Young adults are growing up as part of maker culture – a movement that celebrates self-reliance and hands-on solutions. In contrast to the ‘rebel without a cause’ status that defined youth in previous decades, today’s young people are hackers rather than revolutionaries, more interested in driving incremental change than in rejecting authority.
This was highlighted in a study conducted by Havas Worldwide to understand consumer behaviour. A total of 10,574 teens and young adults from around the globe were surveyed for the study, including Singapore.
The study highlighted that today’s youth are significantly more apt than their elders to recognise – and value – the role brands play in their lives. However, not all brand communicators have cracked the youth-marketing code, considering that slightly more than a third of the respondents aged 16-34 complain that brands do not take young people seriously enough.
Gen Z and millennials are big on brands
Brands are no longer just names on the products consumers buy. They have become tools that help establish young people’s sense of identity and social connections. About six in 10 respondents aged 16-34 encourage their friends to use certain brands, and almost as many said it makes them feel good to see the brands they own being used by people they admire. Brands need to engage with their users by offering shareable content and experiences worth talking about.
Goodbye, rebels; hello, makers!
Youth values have evolved to become shared values. Older people are now likely to embrace what was once considered youthful pursuits and attitudes. Now that youth values are virtually identical to those of the older generation, brands need to focus not on a distinct set of values but on young people’s need for constant engagement and new experiences.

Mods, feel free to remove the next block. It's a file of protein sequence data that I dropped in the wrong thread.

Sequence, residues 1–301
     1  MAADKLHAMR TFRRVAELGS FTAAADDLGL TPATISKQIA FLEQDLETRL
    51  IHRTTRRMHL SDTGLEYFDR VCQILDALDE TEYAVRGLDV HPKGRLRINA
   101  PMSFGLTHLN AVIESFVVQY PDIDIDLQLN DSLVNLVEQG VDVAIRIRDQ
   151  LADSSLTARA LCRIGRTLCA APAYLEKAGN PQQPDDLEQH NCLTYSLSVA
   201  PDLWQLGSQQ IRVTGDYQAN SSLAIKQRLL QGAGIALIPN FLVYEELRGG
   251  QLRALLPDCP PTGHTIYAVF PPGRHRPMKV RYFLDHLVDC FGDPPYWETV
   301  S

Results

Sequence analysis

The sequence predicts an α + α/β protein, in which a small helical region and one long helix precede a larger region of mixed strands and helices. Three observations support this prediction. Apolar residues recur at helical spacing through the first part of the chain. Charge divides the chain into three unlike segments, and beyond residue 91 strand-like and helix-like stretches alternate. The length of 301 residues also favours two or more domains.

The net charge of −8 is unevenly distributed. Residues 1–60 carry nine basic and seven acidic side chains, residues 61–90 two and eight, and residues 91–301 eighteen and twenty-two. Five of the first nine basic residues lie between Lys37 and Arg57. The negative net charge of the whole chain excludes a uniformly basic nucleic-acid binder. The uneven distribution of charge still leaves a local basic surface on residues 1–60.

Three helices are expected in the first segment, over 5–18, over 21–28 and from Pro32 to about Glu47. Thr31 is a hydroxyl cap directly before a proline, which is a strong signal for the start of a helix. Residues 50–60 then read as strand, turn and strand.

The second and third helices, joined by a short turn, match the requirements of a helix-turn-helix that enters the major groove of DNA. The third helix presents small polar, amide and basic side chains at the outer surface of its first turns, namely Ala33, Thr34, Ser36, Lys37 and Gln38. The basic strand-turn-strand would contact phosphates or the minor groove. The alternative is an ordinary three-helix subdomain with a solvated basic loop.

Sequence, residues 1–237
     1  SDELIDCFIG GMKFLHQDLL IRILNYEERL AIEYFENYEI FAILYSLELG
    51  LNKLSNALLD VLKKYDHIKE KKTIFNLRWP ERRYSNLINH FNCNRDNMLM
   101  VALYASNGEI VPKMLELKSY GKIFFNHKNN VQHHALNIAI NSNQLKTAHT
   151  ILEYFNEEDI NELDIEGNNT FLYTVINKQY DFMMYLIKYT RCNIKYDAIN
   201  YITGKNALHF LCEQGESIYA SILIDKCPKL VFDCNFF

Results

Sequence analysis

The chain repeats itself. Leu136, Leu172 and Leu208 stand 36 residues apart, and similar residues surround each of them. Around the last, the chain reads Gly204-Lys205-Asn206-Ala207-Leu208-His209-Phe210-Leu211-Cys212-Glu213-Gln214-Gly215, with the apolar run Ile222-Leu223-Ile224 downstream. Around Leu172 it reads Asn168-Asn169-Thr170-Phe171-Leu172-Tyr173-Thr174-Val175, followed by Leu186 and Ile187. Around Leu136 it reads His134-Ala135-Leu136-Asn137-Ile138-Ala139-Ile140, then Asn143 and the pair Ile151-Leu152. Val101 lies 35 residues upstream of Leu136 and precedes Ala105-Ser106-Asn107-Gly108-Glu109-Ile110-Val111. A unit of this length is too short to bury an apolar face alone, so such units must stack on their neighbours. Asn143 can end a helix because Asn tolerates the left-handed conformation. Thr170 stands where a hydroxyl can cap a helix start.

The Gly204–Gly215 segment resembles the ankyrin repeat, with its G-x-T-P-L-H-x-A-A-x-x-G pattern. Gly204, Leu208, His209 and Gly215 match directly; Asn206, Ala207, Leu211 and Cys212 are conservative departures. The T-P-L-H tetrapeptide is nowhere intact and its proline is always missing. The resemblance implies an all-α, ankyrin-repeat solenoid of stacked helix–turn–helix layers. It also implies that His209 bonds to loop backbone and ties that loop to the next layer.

Digital strategic arsenals help adolescents navigate the new social spheres
Young people have become adept at creating individualised sets of digital tools that will allow them to develop or improve their social connections. For example, applications such as Snapchat help to create a sense of closeness with a member of their social circle while Instagram aids in creating an idealised version of their personal lives. The arsenal starts to change as soon as new tools emerge.
Brand passion is increasingly digitally based
Loyalty no longer goes to brands that are deemed ‘cool’. Instead, young people are more passionate about brands that offer fresh experiences and conversational currency. They want things such as improved services or new technologies that would allow their lives to be simpler and less expensive. Digital users are also more likely to align themselves with new-economy brands, choosing Airbnb over Hilton and Uber over Yellow Cab. Smart brands are connecting with teens and young adults in the three areas most critical to their sense of identity: the social sphere, pop culture and new technologies. 53 per cent of respondents aged 16-25 stated that they felt more connected to brands that are involved in pop culture.
“The study unearthed interesting factors that are at play when it comes to reaching out and communicating to a new generation of young adults. It is important for brands to remember that at the end of the day, this is a generation that values experiences over things. So there are some pretty amazing connection opportunities with young audiences, for the brands that understand this best,” said Dan Gibson, Group Managing Director of Havas Worldwide Singapore.
“Brands rely on youth not just for what’s in their wallets, but for what’s in their heads and hearts – their creative input, their enthusiastic evangelism, their energy,” said Andrew Benett, Global CEO of Havas Worldwide and Havas Creative Group.
“And young people, in turn, want to be able to rely on brands to make their lives better and to help them stand out from the crowd. It’s a relationship built on mutual interests and trust – and it’s up to brands not to break that bond by being disingenuous or failing to keep their promises,” he added.